The smell of freshly cut grass and the sound of cleats kicking a ball filled the air. When teams filed off arriving buses, it was easy to tell this was a day circled on the calendar for everyone in attendance. On August 13, the fourth annual Farms of Norfolk Football Tournament played host to 12 teams of migrant farm workers from different farms across southern Ontario.
The event was a day for farm workers across Norfolk County and other surrounding areas to unwind, forget about work and show off their competitive spirit while representing their farm. Skills were fully displayed, and flags from the workers’ home countries proudly waved. Other regions around Ontario, including Leamington and Lambton, have also adopted similar tournaments for farm workers in their areas due to the success of the Norfolk event.
While the day was full of bonding, excitement and fun, make no mistake, each team was there to win. In fact, several teams in attendance held their own tryouts in advance of the tournament to determine which players would make the team. These tryouts were followed by several practices and tune-up games leading into the tournament.
Síven Smith from Jamaica has been coming to Ontario for two years to work at Schuyler Farms in Norfolk County. Back home, he works as a physical education teacher, which made him a perfect fit for the Schuyler soccer team.
“Football (soccer) is everything for me,” says Smith. “Knowing that we work hard and can get to enjoy ourselves – this (soccer tournament) is where we relax and calm our mind. My favourite part was scoring goals and being successful.”
Smith’s teammate, Christopher Ross, from Trinidad and Tobago, has an incredible soccer-playing history, having suited up for both his hometown team and the Trinidad and Tobago national team, and says he looks forward to playing a variety of sports when work is done for the day.
“After work we bond a lot on the field. We play football (soccer), which is most important, or we play tennis or cricket. It’s fun, it’s a good activity that we have going on after work.”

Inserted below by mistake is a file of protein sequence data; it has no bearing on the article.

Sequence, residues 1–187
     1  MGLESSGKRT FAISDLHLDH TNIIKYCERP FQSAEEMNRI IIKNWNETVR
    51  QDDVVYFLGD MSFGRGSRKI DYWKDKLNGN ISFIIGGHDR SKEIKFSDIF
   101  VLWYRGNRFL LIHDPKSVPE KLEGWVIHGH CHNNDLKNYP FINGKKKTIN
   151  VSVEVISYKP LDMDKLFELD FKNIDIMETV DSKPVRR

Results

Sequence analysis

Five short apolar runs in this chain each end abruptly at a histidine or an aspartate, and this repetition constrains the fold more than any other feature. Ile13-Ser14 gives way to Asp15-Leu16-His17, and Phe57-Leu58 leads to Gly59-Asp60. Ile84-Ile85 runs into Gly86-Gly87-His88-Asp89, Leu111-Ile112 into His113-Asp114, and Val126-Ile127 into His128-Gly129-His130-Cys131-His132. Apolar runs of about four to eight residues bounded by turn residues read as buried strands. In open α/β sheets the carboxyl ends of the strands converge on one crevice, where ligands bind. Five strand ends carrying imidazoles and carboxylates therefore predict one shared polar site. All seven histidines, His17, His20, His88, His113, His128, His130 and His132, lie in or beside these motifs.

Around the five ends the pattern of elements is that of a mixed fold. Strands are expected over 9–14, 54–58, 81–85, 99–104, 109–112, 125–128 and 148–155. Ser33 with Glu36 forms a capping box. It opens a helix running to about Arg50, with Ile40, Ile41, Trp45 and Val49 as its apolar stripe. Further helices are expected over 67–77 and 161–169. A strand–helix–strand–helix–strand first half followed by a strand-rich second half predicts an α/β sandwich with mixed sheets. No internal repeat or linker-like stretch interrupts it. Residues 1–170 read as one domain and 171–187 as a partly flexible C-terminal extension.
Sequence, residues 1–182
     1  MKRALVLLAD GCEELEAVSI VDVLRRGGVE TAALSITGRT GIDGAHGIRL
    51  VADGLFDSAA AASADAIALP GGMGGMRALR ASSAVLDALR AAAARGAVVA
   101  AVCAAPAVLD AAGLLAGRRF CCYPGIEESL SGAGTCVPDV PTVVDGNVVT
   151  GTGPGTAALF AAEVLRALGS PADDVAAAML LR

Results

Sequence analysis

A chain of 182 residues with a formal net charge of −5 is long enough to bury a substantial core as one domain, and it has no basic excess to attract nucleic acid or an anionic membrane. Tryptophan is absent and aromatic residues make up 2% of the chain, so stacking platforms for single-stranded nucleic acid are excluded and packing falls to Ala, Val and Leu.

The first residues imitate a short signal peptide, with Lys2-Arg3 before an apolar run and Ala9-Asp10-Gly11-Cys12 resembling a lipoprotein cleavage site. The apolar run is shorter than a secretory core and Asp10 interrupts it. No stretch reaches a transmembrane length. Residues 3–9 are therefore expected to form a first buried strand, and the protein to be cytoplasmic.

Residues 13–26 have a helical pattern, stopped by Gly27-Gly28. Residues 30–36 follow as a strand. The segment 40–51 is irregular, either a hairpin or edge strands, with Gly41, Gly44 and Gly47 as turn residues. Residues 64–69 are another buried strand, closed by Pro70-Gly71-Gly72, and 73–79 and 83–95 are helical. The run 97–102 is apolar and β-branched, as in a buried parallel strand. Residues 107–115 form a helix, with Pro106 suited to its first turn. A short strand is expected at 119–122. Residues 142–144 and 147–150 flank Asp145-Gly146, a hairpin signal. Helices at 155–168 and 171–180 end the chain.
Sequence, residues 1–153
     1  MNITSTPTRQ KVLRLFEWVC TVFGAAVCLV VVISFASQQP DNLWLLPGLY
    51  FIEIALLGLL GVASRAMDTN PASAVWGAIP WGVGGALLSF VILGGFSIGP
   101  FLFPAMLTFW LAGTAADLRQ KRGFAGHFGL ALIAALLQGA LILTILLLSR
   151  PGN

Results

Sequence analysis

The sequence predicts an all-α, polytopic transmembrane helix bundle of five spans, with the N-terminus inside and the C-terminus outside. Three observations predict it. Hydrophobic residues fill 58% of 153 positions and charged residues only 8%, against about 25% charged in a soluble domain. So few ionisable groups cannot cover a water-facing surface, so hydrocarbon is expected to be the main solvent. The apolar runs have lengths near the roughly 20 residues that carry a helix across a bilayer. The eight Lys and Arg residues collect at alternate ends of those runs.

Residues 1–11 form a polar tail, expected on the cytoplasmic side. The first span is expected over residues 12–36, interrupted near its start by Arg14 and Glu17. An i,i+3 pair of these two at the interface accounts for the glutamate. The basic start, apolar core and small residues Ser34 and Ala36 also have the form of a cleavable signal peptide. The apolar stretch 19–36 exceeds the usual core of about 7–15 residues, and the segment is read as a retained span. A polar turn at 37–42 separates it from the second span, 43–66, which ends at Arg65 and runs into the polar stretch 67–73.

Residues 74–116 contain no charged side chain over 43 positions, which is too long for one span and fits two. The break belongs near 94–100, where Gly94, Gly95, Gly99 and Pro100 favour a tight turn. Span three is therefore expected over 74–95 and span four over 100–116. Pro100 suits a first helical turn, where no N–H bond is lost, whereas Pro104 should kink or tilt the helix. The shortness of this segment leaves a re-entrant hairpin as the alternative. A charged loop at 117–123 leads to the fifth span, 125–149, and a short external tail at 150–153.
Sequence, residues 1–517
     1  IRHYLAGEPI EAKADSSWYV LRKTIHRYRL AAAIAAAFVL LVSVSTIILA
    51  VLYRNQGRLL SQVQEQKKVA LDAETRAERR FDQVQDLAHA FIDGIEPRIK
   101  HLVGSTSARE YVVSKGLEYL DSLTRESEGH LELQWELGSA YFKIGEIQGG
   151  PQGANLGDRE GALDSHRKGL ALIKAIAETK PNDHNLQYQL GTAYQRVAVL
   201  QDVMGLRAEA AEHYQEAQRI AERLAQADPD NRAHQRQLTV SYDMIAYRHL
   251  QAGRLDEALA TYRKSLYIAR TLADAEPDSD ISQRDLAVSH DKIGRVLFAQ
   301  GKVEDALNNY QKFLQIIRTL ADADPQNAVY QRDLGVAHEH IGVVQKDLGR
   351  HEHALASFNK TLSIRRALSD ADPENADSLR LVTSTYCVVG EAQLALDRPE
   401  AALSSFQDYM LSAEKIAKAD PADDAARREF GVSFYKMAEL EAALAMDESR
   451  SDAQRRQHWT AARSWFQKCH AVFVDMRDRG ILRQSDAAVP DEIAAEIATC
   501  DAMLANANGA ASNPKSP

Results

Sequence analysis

Beyond the soccer fields, the tournament’s atmosphere was filled with laughter, camaraderie and a sense of belonging. Friends of the farms gathered on the sidelines, passionately cheering on their team or starting mini-games of their own with people of all ages.
The cultures of the workers’ home countries were also front and centre as local food trucks and caterers offered a variety of international cuisine, including Jamaican jerk chicken, tacos, burritos, BBQ and more. Meanwhile, a DJ blasted Caribbean music. Soccer may have been the day’s main attraction, but it had the feel of a cultural celebration.
Migrant farm workers play an essential role in the fruit and vegetable industry. In Ontario, legal workers coming through the government-regulated Seasonal Agricultural Worker Program (SAWP) and the agriculture stream of the Temporary Foreign Worker (TFW) program arrive from many countries including Mexico, Jamaica and Barbados. One common theme between these nations is their rich soccer-playing history.
While soccer may be the most popular pastime for many of the migrant farm workers in Ontario, it’s certainly not the only one. Mexican migrant farm worker Paulino Espinobarros Velazquez, employed at a greenhouse in Kingsville, brought his trumpet to Ontario and says he still plays almost daily.
“Back home, I am a musician,” says Paulino. “I play the trumpet in a band. I bring my trumpet to Canada with me and try to play every day.”
Errol Mitchell has been working in Canada every year for 16 years through the SAWP. The past seven of those have been spent at a Southern Ontario greenhouse.
“I love to cook, and I love to listen to music… I enjoy cooking for the guys sometimes. I cook and everyone sits and eats. I love listening to music, Jamaicans love music.”
Migrant farm workers are more than just the labour behind Ontario’s fruit and vegetable production and their lives while they’re here extend far beyond the orchards, fields and greenhouses they work in. Events like this soccer tournament allow them to show off their vibrant personalities and characters in ways most Ontarians don’t often get to see.
To read more stories told through the words of Ontario’s migrant farm workers, visit morethanamigrantworker.ca.